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Scientists find cheaper method of recycling plastics

Although there are a lot of potentially useful raw materials bound up in used plastic products such as food wrap or grocery bags, until recently it has been much cheaper to continue producing more of these single-use plastics than to recover and recycle them. Now, a team of researchers led by the Department of Energy’s Pacific Northwest National Laboratory (PNNL) has managed to crack the code that stymied prior attempts to break down these persistent plastics.

Usually, recycling plastics requires “cracking” or splitting apart the powerful and stable chemical bonds that also make these products so persistent in the environment. This process requires very high temperatures, and is thus expensive and energy intensive. 

However, the experts succeeded in combining the cracking step with a second reaction step which immediately completes the conversion to a liquid gasoline-like fuel without unwanted byproducts. This second step deploys what are known as alkylation catalysts, which provide a chemical reaction currently deployed by the petroleum industry to improve the octane rating of gasoline. Crucially, this reaction immediately follows the cracking step in a single reaction vessel, near room temperature (70 degrees Celsius/158 degrees Fahrenheit).

“Cracking just to break the bonds results in them forming another one in an uncontrolled way, and that’s a problem in other approaches,” said study co-author Oliver Y. Gutiérrez, a chemist at PNNL. “The secret formula here is that when you break a bond in our system, you immediately make another one in a targeted way that gives you the end product you want. That is also the secret that enables this conversion at low temperature.”

“The fact that [the petroleum] industry has successfully deployed these emerging alkylation catalysts demonstrates their stable, robust nature,” added senior author Johannes Lercher, the director of PNNL’s Institute for Integrated Catalysis. “This study points to a practical new solution to close the carbon cycle for waste plastic that is closer to implementation than many others being proposed.”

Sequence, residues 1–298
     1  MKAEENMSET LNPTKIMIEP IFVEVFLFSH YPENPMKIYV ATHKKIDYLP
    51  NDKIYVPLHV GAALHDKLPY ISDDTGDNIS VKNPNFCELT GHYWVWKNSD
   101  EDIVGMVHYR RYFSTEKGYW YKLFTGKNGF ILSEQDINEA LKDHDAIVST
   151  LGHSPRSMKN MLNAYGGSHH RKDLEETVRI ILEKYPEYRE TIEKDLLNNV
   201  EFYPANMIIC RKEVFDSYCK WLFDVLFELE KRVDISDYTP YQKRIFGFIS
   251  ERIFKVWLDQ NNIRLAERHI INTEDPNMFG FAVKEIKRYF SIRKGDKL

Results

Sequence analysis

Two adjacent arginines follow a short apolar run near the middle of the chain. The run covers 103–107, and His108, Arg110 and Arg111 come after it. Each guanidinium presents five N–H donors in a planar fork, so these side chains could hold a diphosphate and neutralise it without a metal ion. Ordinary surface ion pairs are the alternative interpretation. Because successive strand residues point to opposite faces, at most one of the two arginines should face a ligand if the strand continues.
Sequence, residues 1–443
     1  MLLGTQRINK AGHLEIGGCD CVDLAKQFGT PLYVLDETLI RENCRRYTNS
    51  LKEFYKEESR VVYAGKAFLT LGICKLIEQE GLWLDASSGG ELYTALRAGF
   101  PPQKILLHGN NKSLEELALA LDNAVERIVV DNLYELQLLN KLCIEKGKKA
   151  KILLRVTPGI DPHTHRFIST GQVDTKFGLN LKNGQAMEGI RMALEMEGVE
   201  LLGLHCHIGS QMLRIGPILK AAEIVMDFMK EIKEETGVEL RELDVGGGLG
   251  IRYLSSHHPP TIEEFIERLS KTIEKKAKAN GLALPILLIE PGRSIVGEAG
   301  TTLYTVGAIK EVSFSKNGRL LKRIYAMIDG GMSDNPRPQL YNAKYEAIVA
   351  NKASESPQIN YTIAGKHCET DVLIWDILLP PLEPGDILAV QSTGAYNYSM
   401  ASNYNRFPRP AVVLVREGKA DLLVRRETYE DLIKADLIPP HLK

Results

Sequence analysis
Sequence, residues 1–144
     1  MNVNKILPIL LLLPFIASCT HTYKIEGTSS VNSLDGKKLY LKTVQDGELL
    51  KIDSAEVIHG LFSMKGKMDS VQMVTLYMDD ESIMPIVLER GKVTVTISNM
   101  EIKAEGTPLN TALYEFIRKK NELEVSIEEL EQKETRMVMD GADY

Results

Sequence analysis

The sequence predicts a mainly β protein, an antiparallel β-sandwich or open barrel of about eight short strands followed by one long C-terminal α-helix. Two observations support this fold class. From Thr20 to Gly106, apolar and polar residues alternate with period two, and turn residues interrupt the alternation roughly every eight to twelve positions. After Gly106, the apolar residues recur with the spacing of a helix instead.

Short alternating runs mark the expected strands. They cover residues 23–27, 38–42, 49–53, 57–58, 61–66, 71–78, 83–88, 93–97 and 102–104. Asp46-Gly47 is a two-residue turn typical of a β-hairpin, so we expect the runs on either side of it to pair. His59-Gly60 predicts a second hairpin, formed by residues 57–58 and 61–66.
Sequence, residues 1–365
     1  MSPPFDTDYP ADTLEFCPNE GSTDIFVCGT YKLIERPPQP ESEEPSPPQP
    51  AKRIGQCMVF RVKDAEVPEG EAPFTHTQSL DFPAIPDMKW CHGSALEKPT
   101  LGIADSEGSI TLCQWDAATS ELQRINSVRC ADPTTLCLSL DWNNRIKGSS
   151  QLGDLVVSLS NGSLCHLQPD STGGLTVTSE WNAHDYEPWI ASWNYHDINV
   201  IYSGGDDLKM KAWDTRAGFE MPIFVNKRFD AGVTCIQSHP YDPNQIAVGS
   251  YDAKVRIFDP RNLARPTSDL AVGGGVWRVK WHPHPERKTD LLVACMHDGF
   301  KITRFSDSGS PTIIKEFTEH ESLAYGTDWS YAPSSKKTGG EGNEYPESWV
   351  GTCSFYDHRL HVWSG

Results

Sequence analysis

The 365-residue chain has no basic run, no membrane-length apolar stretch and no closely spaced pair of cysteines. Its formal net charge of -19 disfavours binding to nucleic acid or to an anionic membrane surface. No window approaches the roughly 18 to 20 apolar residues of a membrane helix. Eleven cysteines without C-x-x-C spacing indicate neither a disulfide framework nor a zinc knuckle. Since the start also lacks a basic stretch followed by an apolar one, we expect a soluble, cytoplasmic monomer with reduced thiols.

The scientists found that this process functions only for low-density polyethylene products (LDPE), such as plastic films and squeezable bottles, and polypropylene products (PP), which are not usually collected in recycling programs in the U.S. By contrast, high-density polyethylene (HPDE) would require a pretreatment in order to allow the catalyst access to the bonds that it needs to crack.

“To solve the problem of persistent waste plastic, we need to reach a critical point where it makes more sense to collect it and return it to use than to treat it as disposable. We’ve shown here that we can make that conversion quickly, at mild conditions, which provides one of the incentives to move forward to that tipping point,” Lercher concluded.

The study is published in the journal Science.


By Andrei Ionescu, Staff Writer

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